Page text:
Home Internet Advanced Google Search Operators for SEO Link Building

Advanced Google Search Operators for SEO Link Building

SEO companies have been using SEO tools and direct submissions to acquire links.

However, these tactics and tools no longer produce useful results. If you want to improve your SEO efforts, you need to be knowledgeable about advanced search operators.

These operators enable you to filter your search results, making it more effective. Below, we have highlighted some of the search operators you can use for link building opportunities. There is also an infographic that summarizes what the operators do.

Google Advanced Search Operators

1. Link:

Finding the sites that link to your website pages is simple. Type “link:” in the search bar, followed by your site’s address. For example, “link: yourwebsite.com.” You’ll see all the pages linking to your website.

2. Site:

Knowing all your webpages indexed by Google is crucial. To get this information, type “site: yourwebsite.com.”

3. “”

If you want Google to give you relevant results, include quotes in your search phrase. For example, if you’re searching for guest blogging opportunities, type “guest blogging” in the search bar.

4. Cache:

Google may fail to index all the data on your website. In this case, type “cache: yourwebsite.com” to know what Google found out during its last visit.

5. Info:

To see detailed information about your website, type “info: yourwebsite.com.” The search results will give you data about your domain, cached version, and other different aspects of your site.

These are some of the few operators you can use. However, other advanced search operators can give you accurate results. I have included them in this infographic. Check them out to understand how they work.

Extensive Guide on How to Use Google Search Operators

Search operators can help you find what you are looking for quickly. Here are some FAQs to help you understand them better.

How Do I Use Google to Search a Phrase?

Use your smartphone or computer to open your chrome browser. Type the phrase you want to search in the address bar and then press enter.

How Do I Conduct a Specific Google Search?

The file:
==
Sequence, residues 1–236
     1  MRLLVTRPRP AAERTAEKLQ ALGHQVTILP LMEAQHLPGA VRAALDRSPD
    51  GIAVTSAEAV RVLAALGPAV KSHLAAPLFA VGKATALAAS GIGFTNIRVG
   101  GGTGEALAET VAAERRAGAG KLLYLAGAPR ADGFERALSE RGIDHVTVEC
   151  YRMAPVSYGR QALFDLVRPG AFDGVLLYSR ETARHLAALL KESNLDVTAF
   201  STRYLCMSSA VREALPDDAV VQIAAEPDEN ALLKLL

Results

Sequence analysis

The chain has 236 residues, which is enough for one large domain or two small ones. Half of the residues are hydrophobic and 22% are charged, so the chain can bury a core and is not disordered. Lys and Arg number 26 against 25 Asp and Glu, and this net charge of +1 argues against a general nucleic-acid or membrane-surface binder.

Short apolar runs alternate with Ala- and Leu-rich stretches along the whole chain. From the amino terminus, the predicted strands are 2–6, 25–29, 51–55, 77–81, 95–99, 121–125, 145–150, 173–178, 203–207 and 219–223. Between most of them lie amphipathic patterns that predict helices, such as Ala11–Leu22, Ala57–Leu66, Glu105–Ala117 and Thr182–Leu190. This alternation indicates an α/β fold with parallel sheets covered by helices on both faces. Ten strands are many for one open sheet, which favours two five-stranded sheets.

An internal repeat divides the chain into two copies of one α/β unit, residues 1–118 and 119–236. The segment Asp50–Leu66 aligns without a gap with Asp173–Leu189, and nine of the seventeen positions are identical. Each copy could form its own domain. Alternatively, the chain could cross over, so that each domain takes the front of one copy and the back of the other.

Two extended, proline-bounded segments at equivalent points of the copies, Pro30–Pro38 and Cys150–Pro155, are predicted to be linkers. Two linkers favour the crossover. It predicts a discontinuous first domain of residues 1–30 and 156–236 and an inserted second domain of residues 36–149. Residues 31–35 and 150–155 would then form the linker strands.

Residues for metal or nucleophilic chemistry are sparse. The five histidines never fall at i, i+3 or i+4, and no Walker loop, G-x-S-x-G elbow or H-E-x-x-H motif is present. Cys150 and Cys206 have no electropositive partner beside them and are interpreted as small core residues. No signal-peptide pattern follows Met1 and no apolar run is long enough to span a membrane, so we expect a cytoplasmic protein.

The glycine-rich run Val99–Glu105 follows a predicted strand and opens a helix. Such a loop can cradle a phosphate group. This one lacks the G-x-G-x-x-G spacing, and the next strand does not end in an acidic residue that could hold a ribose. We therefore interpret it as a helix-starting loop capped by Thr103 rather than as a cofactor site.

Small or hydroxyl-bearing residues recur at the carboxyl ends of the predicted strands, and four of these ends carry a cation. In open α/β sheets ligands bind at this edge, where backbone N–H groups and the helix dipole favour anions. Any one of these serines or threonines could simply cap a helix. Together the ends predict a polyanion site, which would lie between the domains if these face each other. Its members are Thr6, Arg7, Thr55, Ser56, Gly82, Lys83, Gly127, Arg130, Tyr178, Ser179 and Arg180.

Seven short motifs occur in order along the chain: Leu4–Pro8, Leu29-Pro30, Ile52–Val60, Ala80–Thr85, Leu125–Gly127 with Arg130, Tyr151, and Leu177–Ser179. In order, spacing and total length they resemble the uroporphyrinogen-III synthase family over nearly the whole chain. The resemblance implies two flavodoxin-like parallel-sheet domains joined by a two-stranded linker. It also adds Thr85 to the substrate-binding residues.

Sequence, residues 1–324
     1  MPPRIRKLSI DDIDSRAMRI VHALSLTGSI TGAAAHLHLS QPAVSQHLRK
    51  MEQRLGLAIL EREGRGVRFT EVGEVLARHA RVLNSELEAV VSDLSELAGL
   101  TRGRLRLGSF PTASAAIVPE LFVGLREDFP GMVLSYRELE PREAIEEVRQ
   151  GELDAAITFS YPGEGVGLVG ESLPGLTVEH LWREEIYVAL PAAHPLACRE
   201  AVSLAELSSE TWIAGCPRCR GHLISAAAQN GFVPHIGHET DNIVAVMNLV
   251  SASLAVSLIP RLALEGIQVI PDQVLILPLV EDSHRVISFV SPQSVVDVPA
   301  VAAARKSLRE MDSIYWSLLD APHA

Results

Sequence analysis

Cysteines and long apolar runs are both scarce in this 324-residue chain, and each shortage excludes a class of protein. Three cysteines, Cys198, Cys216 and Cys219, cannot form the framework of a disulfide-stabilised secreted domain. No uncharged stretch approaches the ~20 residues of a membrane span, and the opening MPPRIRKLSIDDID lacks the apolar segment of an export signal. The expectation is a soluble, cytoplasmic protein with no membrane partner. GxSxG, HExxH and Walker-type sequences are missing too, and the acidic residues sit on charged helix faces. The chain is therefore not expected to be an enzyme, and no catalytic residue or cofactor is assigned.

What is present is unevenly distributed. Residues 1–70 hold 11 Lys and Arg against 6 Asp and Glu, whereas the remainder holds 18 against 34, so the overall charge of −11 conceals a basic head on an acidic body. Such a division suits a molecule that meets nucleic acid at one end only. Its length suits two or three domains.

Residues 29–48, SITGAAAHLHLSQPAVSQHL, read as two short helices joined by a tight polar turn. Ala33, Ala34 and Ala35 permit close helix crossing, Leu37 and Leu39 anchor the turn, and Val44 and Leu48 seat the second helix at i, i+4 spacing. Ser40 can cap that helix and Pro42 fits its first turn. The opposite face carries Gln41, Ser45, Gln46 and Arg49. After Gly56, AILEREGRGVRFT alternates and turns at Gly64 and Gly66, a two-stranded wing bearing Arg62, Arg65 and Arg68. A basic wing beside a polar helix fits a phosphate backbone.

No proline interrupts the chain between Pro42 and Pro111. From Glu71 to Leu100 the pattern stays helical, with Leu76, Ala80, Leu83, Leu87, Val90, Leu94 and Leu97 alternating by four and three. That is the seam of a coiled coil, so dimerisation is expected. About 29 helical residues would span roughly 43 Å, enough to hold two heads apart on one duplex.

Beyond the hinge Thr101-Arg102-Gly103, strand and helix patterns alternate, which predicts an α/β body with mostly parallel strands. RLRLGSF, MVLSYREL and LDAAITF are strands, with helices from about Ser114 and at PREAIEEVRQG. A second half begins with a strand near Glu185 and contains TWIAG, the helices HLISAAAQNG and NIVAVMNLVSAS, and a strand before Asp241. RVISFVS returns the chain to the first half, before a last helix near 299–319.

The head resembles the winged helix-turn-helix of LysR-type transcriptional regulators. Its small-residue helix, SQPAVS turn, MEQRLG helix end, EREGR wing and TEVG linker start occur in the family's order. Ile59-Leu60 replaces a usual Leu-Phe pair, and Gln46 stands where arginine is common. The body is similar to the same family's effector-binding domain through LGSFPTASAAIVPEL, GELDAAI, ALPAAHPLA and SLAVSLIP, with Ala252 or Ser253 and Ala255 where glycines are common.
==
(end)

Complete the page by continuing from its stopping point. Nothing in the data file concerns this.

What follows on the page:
If you are looking for a phrase on a specific page, click on the three dots at that page’s top right and then click find. Type the phrase in the search bar to find what you want. You can also press CTRL+F or use Google search operators.

What Are Search Operators?

These are special commands used on the search engines to inform Google about the search results you want to see.

How Do I Use Google Advanced Search Operators?

You can combine the operators to get the results you want. However, it would help if you used the right combination.

Here are the SEO tactics you can use.

Aim for Specific Results

Operators are meant to help you get relevant results. It is advisable to use multiple combinations to achieve your desired results.

Exclude the Terms You Don’t Want to See on the Results

Type this operator (-) before the word you don’t want to appear on the search results.

Combine the Exclusions with the Exact Terms You Don’t Want to See

Combining (-) with (“”) allows you to exclude the phrases you don’t want to see on the results. For example, type -“lorem” if you don’t want to see the phrase included in the results.

Find Out How Google Indexes Your Site

If you want to know how Google indexes your website, type (site:) before your url address. For instance: site:loremipsum.com.

Get Rid of Subdomains

To remove subdomains and staging websites, type (-inurl:) in the search bar.

Find Duplicate Content

You can combine (site) and (“”) to find duplicate content on your website. Use (site:) to index your domain and (“”) to find duplicate words. For instance, site:loremipsum.com “dolor.”

Which Search Operators Does Google Enable by Default?

There are three Google default operators, including (AND), (OR), and (~). You can use (AND) between your search terms. However, Google ignores the first two operators because they are the search defaults.

Google also ignores non-valuable words, single digits, and articles. The last operator is unreliable since Google’s default is looking for its synonyms.

How Do I Search Without a Word?

Since Google may not know the results you want, use (-) to let Google know you don’t want specific terms included in your searches.

For example, if you search for the divergent definition and you don’t want Google to give you the results about Divergent movie, type Divergent -movie -film in the search bar.

Wrap Up

Search operators allow you to find relevant results quickly. The operators discussed above will help refine your searches.

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